The story of active management under-performance is retold on a monthly, quarterly, and annual basis. And it appears that investors are listening, based on the wall of money that has flowed, and is continuing to flow, from active to passive funds. In this context, I mean “passive” not only to be index tracking funds, but also funds like those offered by Dimensional Fund Advisors, who utilize broadly diversified portfolios to implement their investment strategies.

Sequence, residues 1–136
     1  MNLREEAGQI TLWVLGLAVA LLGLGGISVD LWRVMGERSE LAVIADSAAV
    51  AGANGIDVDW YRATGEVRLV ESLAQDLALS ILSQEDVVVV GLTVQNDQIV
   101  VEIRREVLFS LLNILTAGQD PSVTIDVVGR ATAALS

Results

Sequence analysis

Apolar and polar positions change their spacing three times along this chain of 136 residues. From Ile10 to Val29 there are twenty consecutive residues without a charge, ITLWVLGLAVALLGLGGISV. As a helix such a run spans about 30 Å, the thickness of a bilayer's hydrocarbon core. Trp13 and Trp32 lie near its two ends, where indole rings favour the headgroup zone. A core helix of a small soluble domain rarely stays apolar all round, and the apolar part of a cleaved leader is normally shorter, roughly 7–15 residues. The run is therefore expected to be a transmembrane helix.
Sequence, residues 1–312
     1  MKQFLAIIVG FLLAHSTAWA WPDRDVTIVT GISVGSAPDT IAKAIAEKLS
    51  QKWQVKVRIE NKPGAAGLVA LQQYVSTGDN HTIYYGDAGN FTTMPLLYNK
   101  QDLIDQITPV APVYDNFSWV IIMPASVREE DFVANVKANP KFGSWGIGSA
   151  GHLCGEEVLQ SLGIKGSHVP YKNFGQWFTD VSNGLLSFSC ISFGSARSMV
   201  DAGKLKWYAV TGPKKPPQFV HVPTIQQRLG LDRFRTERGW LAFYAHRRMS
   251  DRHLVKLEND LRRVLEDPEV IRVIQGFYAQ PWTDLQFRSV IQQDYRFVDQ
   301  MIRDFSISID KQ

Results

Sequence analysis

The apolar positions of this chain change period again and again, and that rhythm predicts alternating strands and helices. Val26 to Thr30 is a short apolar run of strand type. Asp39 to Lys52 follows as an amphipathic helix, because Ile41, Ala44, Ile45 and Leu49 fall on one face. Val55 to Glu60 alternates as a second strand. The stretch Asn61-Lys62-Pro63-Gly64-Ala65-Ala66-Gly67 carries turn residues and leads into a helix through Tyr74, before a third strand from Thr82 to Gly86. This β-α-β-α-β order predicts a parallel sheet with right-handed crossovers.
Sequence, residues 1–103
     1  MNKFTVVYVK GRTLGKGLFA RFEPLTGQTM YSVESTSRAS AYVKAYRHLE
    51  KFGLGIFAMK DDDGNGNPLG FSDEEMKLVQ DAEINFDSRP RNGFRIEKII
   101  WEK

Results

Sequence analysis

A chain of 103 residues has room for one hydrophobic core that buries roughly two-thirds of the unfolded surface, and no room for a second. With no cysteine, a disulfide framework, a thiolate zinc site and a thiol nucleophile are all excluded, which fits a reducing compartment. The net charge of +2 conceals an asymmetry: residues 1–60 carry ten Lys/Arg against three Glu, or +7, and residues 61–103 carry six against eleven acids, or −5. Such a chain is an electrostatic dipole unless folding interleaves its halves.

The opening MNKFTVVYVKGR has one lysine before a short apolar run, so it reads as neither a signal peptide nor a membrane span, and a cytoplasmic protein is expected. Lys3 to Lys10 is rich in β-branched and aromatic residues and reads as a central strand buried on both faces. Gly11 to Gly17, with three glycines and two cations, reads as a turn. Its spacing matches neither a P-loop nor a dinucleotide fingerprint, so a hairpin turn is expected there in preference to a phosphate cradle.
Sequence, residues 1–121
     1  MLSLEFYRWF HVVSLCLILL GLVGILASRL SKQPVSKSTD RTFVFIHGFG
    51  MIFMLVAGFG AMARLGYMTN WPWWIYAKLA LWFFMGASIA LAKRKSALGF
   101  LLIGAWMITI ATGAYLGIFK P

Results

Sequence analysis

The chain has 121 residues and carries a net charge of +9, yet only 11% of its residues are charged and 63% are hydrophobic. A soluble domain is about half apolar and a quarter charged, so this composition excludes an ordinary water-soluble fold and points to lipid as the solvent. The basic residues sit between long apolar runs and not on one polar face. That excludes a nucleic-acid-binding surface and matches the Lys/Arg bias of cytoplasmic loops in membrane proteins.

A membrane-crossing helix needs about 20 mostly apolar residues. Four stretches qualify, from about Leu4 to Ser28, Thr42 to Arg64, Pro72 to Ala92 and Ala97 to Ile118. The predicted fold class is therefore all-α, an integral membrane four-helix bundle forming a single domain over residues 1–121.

Much attention has been focused on the cost of trading, and the cost of management, to explain the chronic underperformance of active managers in most major equity asset classes. But a recent Bloomberg article titled The Math Behind Futility recalls an academic paper written in the late 90s, by Richard Shockley of Indiana University, which offers a mathematical explanation of why costs alone do not explain the totality of underperformance. The underlying cause is something called skewness, or in this context, the tendency of a minority of stocks within an index to provide outsize returns. Because active managers tend not to invest in all of the stocks in an index, omitting stocks with positively skewed returns amounts to a “death sentence for anyone who gets paid for beating a benchmark.”